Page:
Early preparation of oxygen involved thermal dissociation of metal oxides, notably mercury(II) oxide, which was used independently by both Priestley and Scheele. Also, oxides of lead, silver, and barium or potassium nitrate and permanganate were used by these and later investigators to prepare oxygen. Some reactions that yield oxygen by thermal decomposition of metal oxides and metal oxo salts, are highlighted below:
2HgO (s) → 2Hg (l) + O2 (g)
2BaO2 (s) → 2BaO (s) + O2 (g)
2PbO2 (s) → 2PbO (s) + O2 (g)
2KNO3 (s) → 2KNO2 (s) + O2 (g)
2Ag2O (s) → 4Ag (s) + O2 (g)
2KMnO4 (s) → K2MnO4 (s) + MnO2 (s) + O2 (g)
2K2S2O8 (s) → 2K2SO4 (s) + 2SO2 (g) + O2 (g)
Barium peroxide was used in commercial production of oxygen in the past. Heating barium oxide in air at 500°C forms barium peroxide, which decomposes at 800°C to yield oxygen:

Oxygen can be prepared chemically at ordinary temperatures. Several reactions in solution are known that may produce small quantities of oxygen at room temperatures. One such convenient method of producing oxygen is to slowly add water to sodium peroxide. The reaction is exothermic; therefore, the addition of water must be done cautiously.
2Na2O2 (s) + 2H2O (l) → 4NaOH (aq) + O2 (g)
Oxygen also is liberated when an acidified solution of potassium permangnate, acidified with sulfuric acid, is treated with a solution of hydrogen peroxide:
2MnO4ˉ (aq) + 5H2O2 (aq) + 6H+ (aq) → 2Mn2+ (aq) + 8H2O (l) + 5O2 (g).


Dioxygen: the normal form of molecularoxygen, O2, used to distinguishit from oxygen atoms or fromozone (O3).


oxygen: Symbol O. A colourlessodourless gaseous element belongingto group 16 (formerly VIB) of the periodictable; a.n. 8; r.a.m. 15.9994; d.1.429 g dm–3; m.p. –218.4°C; b.p.–183°C. It is the most abundant elementin the earth’s crust (49.2% byweight) and is present in the atmosphere(28% by volume). Atmosphericoxygen is of vital importance for allorganisms that carry out aerobic respiration.For industrial purposes it isobtained by fractional distillation of liquid air. It is used in metallurgicalprocesses, in high-temperatureflames (e.g. for welding), and inbreathing apparatus. The commonform is diatomic (dioxygen, O2);there is also a reactive allotropeozone (O3). Chemically, oxygen reactswith most other elements formingoxides. The element wasdiscovered by Joseph Priestley in1774.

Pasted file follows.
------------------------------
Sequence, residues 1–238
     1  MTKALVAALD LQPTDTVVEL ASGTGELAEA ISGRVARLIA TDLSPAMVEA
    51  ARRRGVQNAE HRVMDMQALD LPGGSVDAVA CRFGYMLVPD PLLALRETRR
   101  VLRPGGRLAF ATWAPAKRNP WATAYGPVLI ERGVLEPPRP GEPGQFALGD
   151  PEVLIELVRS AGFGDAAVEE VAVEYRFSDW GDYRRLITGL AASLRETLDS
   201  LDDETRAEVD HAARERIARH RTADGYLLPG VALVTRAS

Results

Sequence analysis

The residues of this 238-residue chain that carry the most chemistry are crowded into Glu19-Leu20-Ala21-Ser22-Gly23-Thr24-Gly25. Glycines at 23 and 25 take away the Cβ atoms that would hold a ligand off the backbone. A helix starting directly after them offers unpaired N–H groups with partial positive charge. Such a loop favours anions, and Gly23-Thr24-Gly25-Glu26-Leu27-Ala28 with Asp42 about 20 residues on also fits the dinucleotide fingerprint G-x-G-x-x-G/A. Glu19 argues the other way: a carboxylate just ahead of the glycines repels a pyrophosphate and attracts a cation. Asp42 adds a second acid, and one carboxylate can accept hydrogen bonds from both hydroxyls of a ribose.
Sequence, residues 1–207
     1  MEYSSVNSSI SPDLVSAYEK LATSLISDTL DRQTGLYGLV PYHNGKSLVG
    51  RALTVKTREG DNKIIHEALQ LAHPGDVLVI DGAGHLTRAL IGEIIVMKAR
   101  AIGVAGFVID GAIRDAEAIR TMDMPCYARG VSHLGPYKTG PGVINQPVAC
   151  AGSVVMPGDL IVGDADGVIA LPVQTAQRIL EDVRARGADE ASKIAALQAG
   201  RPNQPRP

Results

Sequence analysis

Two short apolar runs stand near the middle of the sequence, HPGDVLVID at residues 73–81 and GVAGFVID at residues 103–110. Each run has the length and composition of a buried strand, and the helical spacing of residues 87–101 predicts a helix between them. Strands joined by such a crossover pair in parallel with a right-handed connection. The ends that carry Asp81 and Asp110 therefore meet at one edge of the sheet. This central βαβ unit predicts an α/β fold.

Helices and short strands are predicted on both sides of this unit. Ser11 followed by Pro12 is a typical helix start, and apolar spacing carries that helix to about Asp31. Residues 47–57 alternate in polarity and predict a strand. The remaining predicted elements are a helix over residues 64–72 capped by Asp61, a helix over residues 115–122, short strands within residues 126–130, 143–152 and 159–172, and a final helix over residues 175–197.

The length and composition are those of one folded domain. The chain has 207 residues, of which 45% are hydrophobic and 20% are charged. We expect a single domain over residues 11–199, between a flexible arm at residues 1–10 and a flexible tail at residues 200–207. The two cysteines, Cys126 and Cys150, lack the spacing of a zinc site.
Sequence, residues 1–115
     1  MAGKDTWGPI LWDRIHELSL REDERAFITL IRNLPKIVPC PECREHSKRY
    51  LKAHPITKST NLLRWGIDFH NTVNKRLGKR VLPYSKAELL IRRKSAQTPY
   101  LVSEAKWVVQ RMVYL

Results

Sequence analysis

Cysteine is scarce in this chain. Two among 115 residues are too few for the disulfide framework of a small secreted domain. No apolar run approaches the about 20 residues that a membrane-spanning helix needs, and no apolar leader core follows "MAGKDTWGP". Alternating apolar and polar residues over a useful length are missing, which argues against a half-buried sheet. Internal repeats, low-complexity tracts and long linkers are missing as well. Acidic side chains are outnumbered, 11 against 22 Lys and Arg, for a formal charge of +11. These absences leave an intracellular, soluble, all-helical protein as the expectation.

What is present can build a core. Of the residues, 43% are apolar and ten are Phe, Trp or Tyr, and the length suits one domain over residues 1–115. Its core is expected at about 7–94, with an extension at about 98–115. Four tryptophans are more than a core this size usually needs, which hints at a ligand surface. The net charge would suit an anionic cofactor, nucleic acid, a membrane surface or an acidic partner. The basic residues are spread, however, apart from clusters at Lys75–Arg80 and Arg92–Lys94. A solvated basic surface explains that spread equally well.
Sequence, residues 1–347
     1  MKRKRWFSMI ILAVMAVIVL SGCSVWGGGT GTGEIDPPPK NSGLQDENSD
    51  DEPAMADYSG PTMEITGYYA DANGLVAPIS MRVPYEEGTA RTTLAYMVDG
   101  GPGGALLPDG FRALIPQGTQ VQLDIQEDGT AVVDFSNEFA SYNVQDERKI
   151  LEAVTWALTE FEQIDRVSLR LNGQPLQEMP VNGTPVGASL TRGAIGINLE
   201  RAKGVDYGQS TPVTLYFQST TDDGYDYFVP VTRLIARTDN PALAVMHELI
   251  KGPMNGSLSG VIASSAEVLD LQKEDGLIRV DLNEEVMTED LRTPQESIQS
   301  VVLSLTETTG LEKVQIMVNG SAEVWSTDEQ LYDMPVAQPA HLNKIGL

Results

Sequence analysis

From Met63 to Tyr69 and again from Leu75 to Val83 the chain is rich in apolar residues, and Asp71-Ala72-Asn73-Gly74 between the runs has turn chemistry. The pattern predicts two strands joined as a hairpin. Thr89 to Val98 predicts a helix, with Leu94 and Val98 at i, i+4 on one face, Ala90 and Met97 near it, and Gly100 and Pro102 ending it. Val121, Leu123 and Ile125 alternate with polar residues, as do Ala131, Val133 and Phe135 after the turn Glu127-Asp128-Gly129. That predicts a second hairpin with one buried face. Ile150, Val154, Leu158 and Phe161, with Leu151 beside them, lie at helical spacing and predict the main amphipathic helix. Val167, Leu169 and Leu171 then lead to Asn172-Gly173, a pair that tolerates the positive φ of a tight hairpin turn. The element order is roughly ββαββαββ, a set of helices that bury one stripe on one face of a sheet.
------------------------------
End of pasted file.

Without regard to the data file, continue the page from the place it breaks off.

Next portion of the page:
General Description

Oxygen is a colorless, odorless and tasteless gas. Oxygen will support life. Oxygen is noncombustible, but will actively support the burning of combustible materials. Some materials that will not burn in air will burn in Oxygen. Materials that burn in air will burn more vigorously in Oxygen. As a non-liquid gas Oxygen is shipped at pressures of 2000 psig or above. Pure Oxygen is nonflammable. Under prolonged exposure to fire or intense heat the containers may rupture violently and rocket. Oxygen is used in the production of synthesis gas from coal, for resuscitation and as an inhalant.

Reactivity Profile

Propellant; ignites upon contact with alcohols, alkali metals, amines, ammonia, beryllium alkyls, boranes, dicyanogen, hydrazines, hydrocarbons, hydrogen, nitroalkanes, powdered metals, silanes, or thiols [Bretherick 1979. p.174]. Heat of water will vigorously vaporize liquid Oxygen, pressures may build to dangerous levels if this occurs in a closed container. Liquid Oxygen gives a detonable mixture when combined with powdered aluminum [NFPA 491M. 1991].


Although oxygen itself is not flammable or explosive, as is sometimes believed, its mainhazard is that, in high concentrations, oxygen can cause other materials to burn much morerapidly.
Oxygen is toxic and deadly to breathe when in a pure state at elevated pressures. In addition,such pure oxygen promotes rapid combustion and can produce devastating fires, such asthe fire that killed the Apollo 1 crew on a test launch pad in 1967. It spread rapidly because thepure oxygen was at normal pressure rather than the one-third pressure used during flight.